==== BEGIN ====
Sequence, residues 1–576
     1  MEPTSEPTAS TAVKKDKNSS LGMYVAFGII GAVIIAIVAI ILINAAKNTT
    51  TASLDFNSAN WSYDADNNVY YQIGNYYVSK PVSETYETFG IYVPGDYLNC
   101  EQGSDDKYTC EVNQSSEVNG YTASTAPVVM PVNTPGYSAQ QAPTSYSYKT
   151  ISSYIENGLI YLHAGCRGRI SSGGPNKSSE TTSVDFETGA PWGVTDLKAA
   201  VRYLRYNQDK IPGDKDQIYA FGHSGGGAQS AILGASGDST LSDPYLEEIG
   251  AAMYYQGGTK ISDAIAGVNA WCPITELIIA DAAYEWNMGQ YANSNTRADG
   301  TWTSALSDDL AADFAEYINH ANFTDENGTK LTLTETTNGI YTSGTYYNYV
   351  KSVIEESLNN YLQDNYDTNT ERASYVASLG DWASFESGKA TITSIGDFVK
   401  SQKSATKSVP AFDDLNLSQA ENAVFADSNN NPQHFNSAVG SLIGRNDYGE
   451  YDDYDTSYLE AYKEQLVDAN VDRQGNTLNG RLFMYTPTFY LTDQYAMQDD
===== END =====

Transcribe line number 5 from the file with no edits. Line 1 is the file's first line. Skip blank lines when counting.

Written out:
   151  ISSYIENGLI YLHAGCRGRI SSGGPNKSSE TTSVDFETGA PWGVTDLKAA